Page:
Back in the castle, Gwen and Arthur discuss Osgar and the runemark. He’s rattled by Osgar’s lack of passion or hatred, that he gave Arthur the runemark with an expression of pity. He decides to go and find the Disir, and wakes Gaius and Merlin for directions.

An hour later, Arthur and the knights are saddled up and ready to go. Mordred convinces Arthur to let him come along, and they set off for the White Mountains, and the cave where the Disir live.

Merlin tries to prevent Arthur from entering the cave armed, but the knights press ahead regardless, with Percival even stepping on a relic he’s pulled off the wall. Such disrespect!

Inside, the Disir await. Arthur demands to know why he is being judged. The Disir explain that it’s the Triple Goddess that is angered by Arthur’s actions, not them. His fairness as a king is without question, but his battles against the Old Religion will be his downfall. The arrogance of his knights, the invasion of their sacred space, the weapons they bear, such things are an affront to the Disir.

This is too much for Gwaine, who draws his sword to attack, only to be thrown back by magic. The other knights make as if to attack and are similarly repulsed. Mordred prevents a magical staff from hitting Arthur, and is wounded in the process. Arthur orders a retreat, and Merlin demands that Mordred be taken back to Camelot.

Gaius tells Merlin only he can save Mordred, using magic, but Merlin is unwilling, especially after having spoken to Kilgharrah. The only way to save Mordred, Arthur believes, is to ask the Disir to show mercy. But Gaius is doubtful it will work.

Arthur and Merlin go back to the cave, with Merlin picking at Arthur’s need to save Mordred and Arthur explaining his loyalty to those who have saved his life. Dropping his sword, Arthur enters the cave once more, and apologises for their actions, the last time they were there.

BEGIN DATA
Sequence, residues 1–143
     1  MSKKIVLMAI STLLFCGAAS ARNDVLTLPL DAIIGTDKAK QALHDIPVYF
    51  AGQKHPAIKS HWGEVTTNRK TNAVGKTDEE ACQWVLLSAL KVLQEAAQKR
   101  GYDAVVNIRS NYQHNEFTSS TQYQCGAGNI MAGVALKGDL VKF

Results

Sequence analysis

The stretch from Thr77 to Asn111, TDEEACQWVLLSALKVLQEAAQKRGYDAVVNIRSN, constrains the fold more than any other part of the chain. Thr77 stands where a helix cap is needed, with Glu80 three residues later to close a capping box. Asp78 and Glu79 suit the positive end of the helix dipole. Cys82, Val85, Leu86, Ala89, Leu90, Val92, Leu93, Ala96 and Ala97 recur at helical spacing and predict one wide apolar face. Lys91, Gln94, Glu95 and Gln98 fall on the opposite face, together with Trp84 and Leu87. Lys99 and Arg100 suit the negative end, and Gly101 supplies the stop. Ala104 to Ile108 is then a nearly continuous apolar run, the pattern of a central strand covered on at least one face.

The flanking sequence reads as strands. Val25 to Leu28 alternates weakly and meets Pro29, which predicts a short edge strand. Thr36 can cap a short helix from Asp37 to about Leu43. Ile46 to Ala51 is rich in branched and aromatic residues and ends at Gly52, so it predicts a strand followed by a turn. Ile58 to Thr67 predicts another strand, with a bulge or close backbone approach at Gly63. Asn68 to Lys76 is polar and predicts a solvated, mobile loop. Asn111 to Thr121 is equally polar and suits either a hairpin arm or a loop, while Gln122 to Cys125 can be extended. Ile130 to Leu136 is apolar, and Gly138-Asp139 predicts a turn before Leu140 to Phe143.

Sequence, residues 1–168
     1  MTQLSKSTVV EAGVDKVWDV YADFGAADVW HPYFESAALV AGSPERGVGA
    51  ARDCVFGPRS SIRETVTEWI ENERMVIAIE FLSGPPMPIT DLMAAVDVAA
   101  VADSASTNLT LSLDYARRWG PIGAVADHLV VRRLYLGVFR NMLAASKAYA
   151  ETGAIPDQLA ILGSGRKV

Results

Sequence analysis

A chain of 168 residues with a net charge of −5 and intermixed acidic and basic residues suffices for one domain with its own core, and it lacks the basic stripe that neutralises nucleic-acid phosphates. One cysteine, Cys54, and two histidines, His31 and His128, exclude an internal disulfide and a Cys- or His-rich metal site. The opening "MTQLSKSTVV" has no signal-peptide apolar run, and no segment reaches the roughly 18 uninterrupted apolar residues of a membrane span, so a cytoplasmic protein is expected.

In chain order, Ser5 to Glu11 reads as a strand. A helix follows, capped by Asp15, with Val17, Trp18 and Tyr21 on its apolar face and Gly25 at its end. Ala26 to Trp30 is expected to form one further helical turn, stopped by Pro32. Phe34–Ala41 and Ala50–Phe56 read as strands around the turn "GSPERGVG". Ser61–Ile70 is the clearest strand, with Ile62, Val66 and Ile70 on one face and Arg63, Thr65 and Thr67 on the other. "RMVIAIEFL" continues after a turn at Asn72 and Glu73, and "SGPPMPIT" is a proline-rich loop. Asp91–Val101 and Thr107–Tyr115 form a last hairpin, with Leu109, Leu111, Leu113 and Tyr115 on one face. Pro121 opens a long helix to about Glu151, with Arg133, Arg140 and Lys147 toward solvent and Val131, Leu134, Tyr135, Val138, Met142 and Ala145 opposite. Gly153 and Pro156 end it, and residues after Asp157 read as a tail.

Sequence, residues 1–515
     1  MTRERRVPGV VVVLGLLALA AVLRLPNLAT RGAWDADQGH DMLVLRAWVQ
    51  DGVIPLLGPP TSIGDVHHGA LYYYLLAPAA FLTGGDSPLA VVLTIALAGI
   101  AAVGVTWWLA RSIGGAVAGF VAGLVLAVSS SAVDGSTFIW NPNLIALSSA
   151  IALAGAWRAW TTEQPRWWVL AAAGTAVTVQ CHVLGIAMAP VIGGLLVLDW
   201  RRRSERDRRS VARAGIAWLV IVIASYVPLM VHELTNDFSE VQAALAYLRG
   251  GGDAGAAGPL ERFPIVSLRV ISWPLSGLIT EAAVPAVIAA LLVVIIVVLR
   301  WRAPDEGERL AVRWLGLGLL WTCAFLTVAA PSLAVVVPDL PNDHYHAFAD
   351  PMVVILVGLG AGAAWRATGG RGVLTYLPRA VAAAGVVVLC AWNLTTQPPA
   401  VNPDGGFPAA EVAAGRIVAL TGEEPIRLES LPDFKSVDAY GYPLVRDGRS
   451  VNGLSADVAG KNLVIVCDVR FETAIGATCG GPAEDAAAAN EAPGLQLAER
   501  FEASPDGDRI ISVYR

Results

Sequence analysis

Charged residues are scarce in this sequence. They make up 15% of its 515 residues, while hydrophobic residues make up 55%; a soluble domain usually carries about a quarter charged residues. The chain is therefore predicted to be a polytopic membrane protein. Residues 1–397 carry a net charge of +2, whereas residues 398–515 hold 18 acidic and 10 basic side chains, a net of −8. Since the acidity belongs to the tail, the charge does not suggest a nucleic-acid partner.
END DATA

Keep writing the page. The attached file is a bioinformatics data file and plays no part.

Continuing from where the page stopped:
The Disir tell Arthur he can only avoid a painful fate for himself and Camelot if he embraces the Old Religion, and send him back out to think about it. He has until dawn. That night, Arthur and Merlin discuss what to do for the best. Arthur says he’s seen unfettered sorcery and the harm it can cause, and asks Merlin if he thinks magic should be reinstated to Camelot.

Mindful of the dragon’s words, and at great personal cost to his own beliefs, Merlin says there can be no place for magic in Camelot.

So, the next morning, Arthur chooses to reject the Old Religion. The Disir tell him he has sealed his own fate, and the fate of his kingdom. The knowledge that he’s acting according to his own better judgement does nothing to ease the guilt Arthur feels for letting Mordred die.

As they dismount in the square, Arthur heads for the mains steps and, looking up, sees a healthy Mordred coming down to greet them. Merlin is stunned. Talking it over with Gaius later, he realises that the Disir’s judgement is to allow Mordred to live, and therefore let destiny take its course, and destroy the kingdom.

But will it? Find out next time…

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By Fraser McAlpine